I know this is more a consolidation (project-finishing, presentation-preparing, caffeine-pounding) week than anything else, but I stumbled onto something interesting (to me, at least) while polishing up my work on my project, and I thought it worth sharing. I had no idea where I was headed when I began my research in January, but I managed to land on Santería and its rich cultural history. What I’ve ultimately chosen to focus on is the transnational identities and communities, formed in the crucible of colonial Cuba and shaped through centuries of cultural diffusion across the Americas. All that has me thinking about the things that form our identities and the communities that we build for ourselves as students, as young adults, as historians, as citizens of our respective countries. Bear with me, because I know this sounds a little ‘we are the world’, but it’s a fantastic thing if you really think about it.

Take the identities we see here in St Andrews. Is it a society affiliation or your course of study that primarily defines your days’ work? Are you a proud champion of your Hall or are have you gone private? Do you ignore freshers simply because they’re freshers and probably as immature as you were when you first arrived? Or do you prefer taking them under your wing and making them part of your university family? Are you an Academic Mother, Father, Sister, Brother, Son, Daughter, Cousin, Grandmother? Do you study a science or one of the humanities? Can you afford to attend every last ball and fashion show or are you working 20 hours a week just to pay your rent?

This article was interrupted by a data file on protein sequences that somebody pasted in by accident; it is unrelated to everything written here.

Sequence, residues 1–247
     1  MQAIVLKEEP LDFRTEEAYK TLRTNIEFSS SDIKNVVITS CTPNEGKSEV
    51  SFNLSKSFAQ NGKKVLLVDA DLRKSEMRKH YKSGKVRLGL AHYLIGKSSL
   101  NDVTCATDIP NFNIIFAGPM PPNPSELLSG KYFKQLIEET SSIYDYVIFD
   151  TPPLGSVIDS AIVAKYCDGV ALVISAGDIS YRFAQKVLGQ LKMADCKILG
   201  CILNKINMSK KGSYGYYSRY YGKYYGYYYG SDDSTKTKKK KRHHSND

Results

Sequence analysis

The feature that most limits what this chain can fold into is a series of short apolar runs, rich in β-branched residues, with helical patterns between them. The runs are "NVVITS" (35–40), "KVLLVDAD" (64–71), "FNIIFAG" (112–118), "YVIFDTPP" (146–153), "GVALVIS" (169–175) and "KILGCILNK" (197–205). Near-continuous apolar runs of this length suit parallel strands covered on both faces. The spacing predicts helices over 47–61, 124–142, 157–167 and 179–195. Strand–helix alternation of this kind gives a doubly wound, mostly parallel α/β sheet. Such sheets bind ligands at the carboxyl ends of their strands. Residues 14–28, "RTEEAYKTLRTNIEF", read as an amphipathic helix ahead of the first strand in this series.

All of these questions point to the immeasurable variety of humans that we are able to meet and connect with, even in this tiny town. And how do they build our communities? Are we St Andrews students? Are we Chapel Choir singers, brewers at the Shire of Caer Caledon, stargazers at AstroSoc or first-string footballers? What ties of identity and association build each of our own hodge-podge university families? These questions barely touch the surface of the multitude of self-identifications we can see here, never mind the ways in which we each identify others and their communities. If we accept that incredible array of possibilities, then how can we ever carry out a comprehensive study of any group?

The simple answer, I suppose, is to focus on single points of commonality and reduce the dimensions of our work. As historians (especially budding transnationalists) it is our job to attempt to tell stories of the past with the greatest accuracy possible and with consideration of the innate complexities of human interactions.